One of the biggest challenges with putting together Dark Void Zero was in reconstructing the art. We knew we had a huge task ahead of us, but fortunately, we had the right man for the job.
Below? A little chat with Mr. Paul Hubans, Dark Void Zero’s background artist and retro game resurrection artist. Check out the snipet below, and click through to get the lowdown on the whole art creation process!
“Being an aficionado of old-school games (particularly those of the NES’ era) I was more than happy when I was offered the opportunity to work on the restoration of the Dark Void Zero project. Previously, I had only heard whispers of the project in dark corners of obscure retro gaming forums, but I never really expected the rumors to be true. Thankfully, my reputation as an eminent member of the Bay Area’s Society for the Conservation of Retro Games preceded me, and the development studio saw me as an ideal candidate for restoring these pixels to their former glory.
On the NES, tiles are limited to 8 x 8 pixels, and the real challenge is in how to express detail with such a minimal amount of canvas. Ideally at this scale, less is often more, so it’s best to employ a minimalist approach instead of trying to push in too much detail. In many cases, for obvious reasons, a single 8 x 8 tile isn’t sufficient for creating graphics with a strong aesthetic, so tiles are brought together to form a whole. In effect, these tiles work only as the parts of an image rather than the image itself. For example, if you took one of the computer terminals found in the first level and broke it down, you’d find that it is actually made of six of these 8 x 8 tiles, each forming one part of the image.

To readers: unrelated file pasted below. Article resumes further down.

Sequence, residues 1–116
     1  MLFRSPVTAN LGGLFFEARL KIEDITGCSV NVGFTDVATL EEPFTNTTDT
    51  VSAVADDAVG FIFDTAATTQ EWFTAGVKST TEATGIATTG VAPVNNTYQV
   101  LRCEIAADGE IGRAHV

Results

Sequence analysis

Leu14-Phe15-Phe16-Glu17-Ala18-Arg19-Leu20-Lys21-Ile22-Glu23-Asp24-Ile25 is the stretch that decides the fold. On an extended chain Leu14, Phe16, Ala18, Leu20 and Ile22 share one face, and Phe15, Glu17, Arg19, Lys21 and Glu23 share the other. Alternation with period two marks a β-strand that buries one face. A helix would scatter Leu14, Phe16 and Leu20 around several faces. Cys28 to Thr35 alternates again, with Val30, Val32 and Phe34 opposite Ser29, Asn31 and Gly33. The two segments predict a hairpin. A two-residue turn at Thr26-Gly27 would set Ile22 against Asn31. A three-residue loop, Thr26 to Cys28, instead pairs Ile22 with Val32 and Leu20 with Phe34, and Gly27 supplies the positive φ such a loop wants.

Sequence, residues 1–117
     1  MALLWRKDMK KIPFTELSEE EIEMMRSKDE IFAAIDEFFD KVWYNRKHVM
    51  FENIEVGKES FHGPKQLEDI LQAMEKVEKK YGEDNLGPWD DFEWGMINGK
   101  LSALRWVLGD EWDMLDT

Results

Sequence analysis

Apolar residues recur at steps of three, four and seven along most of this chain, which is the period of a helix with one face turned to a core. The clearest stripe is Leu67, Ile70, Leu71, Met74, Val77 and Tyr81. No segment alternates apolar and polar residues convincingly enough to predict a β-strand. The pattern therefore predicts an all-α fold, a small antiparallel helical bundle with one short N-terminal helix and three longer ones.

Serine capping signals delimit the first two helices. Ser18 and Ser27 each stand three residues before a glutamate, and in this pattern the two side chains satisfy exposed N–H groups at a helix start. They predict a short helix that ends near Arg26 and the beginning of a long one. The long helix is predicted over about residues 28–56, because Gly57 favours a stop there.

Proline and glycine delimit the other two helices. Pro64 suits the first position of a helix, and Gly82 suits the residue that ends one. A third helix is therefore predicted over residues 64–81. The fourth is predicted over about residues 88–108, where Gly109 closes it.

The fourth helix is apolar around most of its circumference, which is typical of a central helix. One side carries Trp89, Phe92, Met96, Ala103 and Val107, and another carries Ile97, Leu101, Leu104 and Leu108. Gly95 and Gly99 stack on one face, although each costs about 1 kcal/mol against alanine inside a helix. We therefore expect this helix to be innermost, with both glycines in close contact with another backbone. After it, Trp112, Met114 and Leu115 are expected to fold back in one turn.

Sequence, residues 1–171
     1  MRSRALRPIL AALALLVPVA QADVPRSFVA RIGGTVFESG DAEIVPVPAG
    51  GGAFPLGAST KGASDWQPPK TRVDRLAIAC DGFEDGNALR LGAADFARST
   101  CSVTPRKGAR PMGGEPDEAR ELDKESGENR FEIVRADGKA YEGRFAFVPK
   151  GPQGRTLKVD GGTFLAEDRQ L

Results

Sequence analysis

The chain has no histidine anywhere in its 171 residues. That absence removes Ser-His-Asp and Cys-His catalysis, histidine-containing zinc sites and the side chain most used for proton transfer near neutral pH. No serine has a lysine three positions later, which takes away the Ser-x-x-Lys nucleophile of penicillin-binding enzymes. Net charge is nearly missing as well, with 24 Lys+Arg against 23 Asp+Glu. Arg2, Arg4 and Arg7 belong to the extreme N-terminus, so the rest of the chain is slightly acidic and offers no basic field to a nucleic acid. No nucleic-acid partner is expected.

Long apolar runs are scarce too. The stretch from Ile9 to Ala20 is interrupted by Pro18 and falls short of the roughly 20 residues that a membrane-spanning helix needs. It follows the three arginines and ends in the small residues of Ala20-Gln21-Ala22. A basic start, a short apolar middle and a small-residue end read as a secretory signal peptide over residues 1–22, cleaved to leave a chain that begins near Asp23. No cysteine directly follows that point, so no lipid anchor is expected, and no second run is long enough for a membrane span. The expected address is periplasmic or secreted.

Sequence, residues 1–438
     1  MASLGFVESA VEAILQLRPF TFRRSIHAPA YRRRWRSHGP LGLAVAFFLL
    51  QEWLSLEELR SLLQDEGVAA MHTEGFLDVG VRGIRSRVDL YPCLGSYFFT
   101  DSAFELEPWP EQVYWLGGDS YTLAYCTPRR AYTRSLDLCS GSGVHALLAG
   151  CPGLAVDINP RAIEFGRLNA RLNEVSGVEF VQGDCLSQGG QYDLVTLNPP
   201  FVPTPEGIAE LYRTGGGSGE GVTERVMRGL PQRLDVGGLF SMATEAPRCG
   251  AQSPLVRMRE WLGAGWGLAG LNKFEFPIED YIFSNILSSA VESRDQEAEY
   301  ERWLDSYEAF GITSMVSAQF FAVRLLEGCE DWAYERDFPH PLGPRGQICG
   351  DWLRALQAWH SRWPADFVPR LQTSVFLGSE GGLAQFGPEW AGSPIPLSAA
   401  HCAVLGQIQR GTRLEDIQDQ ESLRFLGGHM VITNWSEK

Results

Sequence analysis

Another restriction of the NES is the color palette. The NES hardware can only support 4 colors per tile, and one of these is transparent. Additionally, there are a total of roughly